A GitHub repo already exists for a WordPress plugin, I’ve not tried it out yet, but plan to later today and will report back. I know there’s been a lot of core changes to RemindToRead recently, the WordPress plugin may have some catching up to do.

The plugin looks pretty solid code-wise, after a real quick glance. Sounds like Leonard may want me to maintain the WordPress plugin, should be a piece of cake once the core of everything starts to take its final shape.

Use Docker for Fast WordPress Development Environments


A Dockerfile That Provides Quick WordPress Development Environments

Back in May of this year I started playing around with Docker quite a bit. Took me a bit to wrap my brain around everything Docker can do, wish I had read this article from Adam Ierymenko before starting.

Anyway, Docker describes itself as such:

Docker is an open platform for building, shipping and running distributed applications. It gives programmers, development teams and operations engineers the common toolbox they need to take advantage of the distributed and networked nature of modern applications.

I’m not using Docker to it’s fullest extent, not even close. I mostly use it for setting up quick WordPress development environments for building client sites or just to do some testing.

I came across an outdated Dockerfile that had exactly what I needed but lacked the ability to SSH to the Docker container. I forked it on GitHub and added some modifications (like SSH).

It’s on the Docker Hub Registry, making it super easy to use. There’s a few items on the to-do list, but the one I want to take care of first is adding support for Docker Compose, which will make installation even easier.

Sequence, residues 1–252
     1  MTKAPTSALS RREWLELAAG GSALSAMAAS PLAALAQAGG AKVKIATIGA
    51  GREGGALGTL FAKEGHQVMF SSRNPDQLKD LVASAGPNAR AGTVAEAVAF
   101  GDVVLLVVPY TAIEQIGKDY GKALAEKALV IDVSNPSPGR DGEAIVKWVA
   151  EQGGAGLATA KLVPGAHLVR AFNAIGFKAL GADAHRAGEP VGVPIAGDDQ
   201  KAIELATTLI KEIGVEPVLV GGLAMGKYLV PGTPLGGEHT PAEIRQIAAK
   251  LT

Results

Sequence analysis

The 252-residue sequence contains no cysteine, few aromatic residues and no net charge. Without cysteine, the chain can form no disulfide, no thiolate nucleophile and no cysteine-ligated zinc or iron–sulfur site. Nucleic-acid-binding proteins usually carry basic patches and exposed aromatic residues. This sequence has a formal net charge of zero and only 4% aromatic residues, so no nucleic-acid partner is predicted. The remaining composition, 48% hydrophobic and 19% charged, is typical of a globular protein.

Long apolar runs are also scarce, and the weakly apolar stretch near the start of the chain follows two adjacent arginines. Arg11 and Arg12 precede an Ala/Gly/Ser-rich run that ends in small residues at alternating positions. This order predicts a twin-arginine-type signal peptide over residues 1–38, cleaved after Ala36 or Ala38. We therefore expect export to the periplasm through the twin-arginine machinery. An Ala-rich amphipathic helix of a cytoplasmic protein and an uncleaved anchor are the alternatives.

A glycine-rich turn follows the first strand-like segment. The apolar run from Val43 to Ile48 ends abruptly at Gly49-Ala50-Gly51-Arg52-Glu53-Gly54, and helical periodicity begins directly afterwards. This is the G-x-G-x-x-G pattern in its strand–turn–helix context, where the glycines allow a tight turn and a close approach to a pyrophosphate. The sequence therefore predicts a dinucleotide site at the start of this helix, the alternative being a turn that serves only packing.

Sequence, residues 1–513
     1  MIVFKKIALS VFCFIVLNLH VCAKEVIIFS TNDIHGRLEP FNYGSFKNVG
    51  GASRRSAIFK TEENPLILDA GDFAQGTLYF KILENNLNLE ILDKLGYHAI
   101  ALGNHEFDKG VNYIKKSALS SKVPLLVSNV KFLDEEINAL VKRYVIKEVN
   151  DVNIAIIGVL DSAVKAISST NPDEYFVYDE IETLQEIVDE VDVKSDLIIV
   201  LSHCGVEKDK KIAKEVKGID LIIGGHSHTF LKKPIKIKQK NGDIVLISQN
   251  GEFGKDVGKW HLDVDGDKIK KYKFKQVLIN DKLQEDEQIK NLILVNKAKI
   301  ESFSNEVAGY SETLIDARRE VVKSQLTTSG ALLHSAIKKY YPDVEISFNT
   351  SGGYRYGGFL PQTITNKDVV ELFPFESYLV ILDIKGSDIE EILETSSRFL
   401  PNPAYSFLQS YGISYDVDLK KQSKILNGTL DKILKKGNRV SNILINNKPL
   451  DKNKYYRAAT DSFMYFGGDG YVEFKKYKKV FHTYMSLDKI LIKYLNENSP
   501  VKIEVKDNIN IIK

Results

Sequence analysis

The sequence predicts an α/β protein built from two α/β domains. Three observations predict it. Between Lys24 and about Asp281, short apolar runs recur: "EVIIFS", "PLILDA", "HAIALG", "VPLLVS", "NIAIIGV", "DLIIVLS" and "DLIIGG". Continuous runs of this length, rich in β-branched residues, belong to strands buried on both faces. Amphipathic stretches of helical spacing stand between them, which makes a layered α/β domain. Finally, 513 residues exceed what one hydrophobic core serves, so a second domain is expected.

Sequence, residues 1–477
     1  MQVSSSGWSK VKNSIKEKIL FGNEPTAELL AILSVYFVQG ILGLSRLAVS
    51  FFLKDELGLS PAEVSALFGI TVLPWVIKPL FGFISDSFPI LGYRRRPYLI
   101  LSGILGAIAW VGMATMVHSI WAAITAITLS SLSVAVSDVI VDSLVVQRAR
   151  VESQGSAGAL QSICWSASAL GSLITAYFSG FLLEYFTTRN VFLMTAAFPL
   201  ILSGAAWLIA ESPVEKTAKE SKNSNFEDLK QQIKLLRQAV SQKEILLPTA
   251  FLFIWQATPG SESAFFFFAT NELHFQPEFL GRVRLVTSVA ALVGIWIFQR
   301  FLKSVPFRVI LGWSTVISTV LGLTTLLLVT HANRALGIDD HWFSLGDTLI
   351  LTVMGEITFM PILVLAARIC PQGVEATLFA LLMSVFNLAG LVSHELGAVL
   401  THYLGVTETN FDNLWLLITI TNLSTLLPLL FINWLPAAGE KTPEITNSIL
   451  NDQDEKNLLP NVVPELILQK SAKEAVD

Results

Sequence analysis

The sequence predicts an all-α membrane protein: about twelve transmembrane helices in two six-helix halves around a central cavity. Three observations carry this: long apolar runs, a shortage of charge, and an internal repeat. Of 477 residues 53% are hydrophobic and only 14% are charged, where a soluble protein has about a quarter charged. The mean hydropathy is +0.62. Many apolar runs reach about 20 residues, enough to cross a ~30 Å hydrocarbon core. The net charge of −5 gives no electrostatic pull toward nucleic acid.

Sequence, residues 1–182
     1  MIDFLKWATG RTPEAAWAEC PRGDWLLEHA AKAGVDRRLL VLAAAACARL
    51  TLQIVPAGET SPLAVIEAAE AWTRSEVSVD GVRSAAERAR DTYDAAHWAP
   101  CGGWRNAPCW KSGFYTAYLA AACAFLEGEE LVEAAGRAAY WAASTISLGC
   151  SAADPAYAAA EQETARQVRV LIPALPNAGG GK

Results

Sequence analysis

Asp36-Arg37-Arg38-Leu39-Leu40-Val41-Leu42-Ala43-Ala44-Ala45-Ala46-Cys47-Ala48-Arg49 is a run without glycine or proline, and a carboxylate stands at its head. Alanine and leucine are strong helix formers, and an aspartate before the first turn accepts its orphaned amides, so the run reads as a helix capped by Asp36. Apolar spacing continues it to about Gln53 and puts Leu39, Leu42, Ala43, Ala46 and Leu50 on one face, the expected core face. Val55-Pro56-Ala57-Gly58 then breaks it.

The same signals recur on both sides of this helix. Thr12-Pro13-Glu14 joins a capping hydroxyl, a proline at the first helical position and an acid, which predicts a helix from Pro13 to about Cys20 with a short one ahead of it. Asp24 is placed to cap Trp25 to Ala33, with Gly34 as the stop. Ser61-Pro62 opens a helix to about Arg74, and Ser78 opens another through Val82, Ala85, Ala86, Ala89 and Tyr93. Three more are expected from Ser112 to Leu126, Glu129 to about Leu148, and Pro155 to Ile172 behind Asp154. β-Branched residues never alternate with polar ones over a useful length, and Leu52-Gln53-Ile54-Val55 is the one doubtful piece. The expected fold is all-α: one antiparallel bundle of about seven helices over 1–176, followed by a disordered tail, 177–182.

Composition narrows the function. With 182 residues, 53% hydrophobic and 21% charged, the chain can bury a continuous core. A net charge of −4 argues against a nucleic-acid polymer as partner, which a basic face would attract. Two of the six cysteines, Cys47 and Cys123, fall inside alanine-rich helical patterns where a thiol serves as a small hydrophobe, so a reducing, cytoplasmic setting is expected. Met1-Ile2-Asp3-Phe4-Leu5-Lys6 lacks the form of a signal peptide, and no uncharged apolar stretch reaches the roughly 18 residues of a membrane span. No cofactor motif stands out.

To get started with this Docker image, you just need to have Docker installed and then run the following command:

Once you’ve got the Docker image pulled, fire up a new container like with the command below. It will create a new Docker container named project-name.

Give it a bit to get everything setup then navigate to in your browser to access your new WordPress install.

For more information I suggest checking out the readme. Every time that I push commits to GitHub, a new build of the Docker image will automatically be built as I’ve got it setup as an automated build repository at the Docker Hub Registry. Pretty nifty.

So, I’m relatively new to Docker, if you’re a pro and see something I should be doing differently, please let me know. Any advice on setting up Docker Compose for this project would be great, too (if I’m not mistaken, it just involved linking multiple containers together).

Do you use Docker?